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Aside from giving Digital Currency Exchanges a TLA (three letter acronym) AUSTRAC has sidestepped all the "is it, isn't it?" fuss in so many countries and stated the obvious: because digital currency is "money" in the economists' sense of the word, anyone operating an exchange is subject to the same rules and regulations as anyone operating an exchange in fiat currencies. But here's the surprise: the requirement to register with AUSTRAC and to put in place money laundering, etc compliance and risk management systems comes into force today. And the notice was only published this morning. Moreover, there is an unexpected consequence for the mainstream financial sector.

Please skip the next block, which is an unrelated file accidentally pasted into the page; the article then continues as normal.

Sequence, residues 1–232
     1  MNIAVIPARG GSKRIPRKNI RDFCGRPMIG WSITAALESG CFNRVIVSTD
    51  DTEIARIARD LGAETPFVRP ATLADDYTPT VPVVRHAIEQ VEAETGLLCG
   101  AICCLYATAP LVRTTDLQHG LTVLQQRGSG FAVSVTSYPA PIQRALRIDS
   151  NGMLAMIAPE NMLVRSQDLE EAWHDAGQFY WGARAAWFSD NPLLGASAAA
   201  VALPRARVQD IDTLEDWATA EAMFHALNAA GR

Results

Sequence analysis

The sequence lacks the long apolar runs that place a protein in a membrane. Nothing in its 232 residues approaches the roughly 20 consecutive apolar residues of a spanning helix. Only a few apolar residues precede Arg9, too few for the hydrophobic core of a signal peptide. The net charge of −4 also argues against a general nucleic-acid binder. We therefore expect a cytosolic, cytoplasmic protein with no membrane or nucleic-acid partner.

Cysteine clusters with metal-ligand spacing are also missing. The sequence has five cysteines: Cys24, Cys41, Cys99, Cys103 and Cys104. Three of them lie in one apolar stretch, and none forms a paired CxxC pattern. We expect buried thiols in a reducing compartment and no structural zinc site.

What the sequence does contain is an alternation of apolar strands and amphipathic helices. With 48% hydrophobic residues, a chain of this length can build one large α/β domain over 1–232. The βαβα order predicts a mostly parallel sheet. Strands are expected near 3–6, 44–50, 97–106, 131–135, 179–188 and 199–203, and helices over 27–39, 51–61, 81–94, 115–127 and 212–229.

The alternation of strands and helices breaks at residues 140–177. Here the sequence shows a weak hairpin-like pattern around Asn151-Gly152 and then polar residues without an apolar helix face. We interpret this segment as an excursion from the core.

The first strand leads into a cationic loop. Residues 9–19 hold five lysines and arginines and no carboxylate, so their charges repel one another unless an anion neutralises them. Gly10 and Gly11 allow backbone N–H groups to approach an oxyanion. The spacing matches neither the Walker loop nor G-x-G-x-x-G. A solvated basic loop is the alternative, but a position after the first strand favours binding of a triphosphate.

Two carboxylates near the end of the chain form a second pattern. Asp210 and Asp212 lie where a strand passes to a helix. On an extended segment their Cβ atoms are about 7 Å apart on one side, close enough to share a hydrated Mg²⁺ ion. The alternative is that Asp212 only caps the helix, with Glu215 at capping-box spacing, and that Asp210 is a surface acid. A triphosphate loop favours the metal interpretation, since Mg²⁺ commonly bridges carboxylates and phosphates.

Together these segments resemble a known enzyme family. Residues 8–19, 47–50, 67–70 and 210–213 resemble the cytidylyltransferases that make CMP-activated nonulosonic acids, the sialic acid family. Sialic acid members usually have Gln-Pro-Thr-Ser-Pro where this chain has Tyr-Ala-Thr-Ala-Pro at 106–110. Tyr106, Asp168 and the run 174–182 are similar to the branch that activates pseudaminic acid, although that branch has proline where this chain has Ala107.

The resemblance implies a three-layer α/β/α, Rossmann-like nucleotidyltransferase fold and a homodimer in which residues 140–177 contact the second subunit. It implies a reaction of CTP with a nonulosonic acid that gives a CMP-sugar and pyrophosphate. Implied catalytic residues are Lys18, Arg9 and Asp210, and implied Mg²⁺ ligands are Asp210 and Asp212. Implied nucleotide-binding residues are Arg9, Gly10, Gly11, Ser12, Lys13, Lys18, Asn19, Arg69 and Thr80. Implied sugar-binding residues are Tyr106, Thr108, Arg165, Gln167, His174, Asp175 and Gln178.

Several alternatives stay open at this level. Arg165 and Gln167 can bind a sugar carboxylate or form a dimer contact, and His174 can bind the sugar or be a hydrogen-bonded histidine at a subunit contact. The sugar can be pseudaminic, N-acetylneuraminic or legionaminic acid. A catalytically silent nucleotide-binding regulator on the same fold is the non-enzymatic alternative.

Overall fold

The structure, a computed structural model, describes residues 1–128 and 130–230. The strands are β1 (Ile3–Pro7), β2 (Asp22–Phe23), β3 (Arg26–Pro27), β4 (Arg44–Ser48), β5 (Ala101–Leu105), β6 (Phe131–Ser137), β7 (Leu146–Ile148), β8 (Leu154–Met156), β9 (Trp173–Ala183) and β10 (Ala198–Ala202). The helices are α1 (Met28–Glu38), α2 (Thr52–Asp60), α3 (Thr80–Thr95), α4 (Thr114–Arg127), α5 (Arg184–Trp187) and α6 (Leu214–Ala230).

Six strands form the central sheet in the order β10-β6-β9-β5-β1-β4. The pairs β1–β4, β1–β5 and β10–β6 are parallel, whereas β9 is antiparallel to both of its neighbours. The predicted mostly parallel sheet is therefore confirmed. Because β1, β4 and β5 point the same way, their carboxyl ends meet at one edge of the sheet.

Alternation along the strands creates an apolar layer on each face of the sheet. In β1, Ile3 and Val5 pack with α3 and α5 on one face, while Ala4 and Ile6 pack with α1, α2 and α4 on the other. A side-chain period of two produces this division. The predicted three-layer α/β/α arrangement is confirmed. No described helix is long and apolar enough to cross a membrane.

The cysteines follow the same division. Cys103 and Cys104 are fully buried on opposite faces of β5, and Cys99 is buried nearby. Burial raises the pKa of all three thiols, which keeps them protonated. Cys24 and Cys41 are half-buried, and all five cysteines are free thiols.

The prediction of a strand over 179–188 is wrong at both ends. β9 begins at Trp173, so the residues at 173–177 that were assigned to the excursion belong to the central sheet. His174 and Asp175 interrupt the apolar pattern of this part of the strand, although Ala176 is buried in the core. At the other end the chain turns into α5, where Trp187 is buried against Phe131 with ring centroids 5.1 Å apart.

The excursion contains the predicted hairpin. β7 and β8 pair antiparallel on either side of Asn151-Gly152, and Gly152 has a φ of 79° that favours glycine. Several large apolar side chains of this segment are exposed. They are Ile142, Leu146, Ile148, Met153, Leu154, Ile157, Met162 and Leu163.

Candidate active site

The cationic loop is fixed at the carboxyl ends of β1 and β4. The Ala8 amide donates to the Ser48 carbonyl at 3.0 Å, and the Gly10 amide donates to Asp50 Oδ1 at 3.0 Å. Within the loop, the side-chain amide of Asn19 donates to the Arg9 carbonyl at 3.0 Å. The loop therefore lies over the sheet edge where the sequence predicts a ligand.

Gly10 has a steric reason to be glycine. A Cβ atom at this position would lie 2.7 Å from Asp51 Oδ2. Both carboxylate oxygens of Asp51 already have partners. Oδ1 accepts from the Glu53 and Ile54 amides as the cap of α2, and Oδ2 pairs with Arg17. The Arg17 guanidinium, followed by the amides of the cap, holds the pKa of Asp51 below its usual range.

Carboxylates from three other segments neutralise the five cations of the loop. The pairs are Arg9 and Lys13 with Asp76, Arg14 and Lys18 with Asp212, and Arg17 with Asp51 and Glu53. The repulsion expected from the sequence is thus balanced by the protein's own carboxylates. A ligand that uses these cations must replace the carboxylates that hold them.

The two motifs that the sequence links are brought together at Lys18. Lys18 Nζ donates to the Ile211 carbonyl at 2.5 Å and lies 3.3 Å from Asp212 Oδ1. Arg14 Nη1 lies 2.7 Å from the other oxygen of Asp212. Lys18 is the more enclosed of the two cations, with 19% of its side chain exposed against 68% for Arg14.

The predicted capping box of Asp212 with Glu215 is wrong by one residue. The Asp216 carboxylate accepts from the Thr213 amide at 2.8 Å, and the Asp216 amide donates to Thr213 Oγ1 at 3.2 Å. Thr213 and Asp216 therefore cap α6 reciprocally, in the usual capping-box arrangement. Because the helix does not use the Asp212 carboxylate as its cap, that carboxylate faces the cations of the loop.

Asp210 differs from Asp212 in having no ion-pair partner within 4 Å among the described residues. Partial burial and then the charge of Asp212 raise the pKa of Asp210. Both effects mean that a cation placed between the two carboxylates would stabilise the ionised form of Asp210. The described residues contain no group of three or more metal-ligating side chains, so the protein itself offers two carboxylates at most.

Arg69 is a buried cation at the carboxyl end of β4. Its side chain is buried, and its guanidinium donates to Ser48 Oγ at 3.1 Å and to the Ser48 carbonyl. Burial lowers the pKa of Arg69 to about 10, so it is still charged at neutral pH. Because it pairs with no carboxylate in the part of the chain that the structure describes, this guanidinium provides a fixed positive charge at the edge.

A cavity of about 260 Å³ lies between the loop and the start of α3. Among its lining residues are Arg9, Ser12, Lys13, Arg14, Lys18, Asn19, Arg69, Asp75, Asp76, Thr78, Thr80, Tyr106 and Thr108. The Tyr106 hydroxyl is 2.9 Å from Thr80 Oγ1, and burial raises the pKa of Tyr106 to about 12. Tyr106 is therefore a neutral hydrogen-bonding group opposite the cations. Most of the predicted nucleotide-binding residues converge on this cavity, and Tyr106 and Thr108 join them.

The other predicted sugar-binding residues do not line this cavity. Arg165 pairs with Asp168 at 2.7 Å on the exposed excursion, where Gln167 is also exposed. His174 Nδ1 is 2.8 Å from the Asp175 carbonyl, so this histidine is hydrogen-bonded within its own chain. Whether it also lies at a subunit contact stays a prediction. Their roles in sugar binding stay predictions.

The grand-daddy of the current crop of electronic currencies is, of course, Bitcoin. In recent months, its value has appreciated exponentially until it reached more than 5,000 dollars. But it's just the most famous so-called "cryptocurrency" and now the technology is "in the wild," anyone with the necessary, apparently not very advanced, IT skills can make one. China says "enough is enough" and is taking steps to more or less outlaw cryptocurrencies or, at least, to make their use difficult. China has explained its reasoning - and it makes a huge amount of sense. The questions are whether the horse has already bolted, can access to cryptocurrencies outside China be banned and just how much use is it really for money laundering, a main plank of the Chinese objection.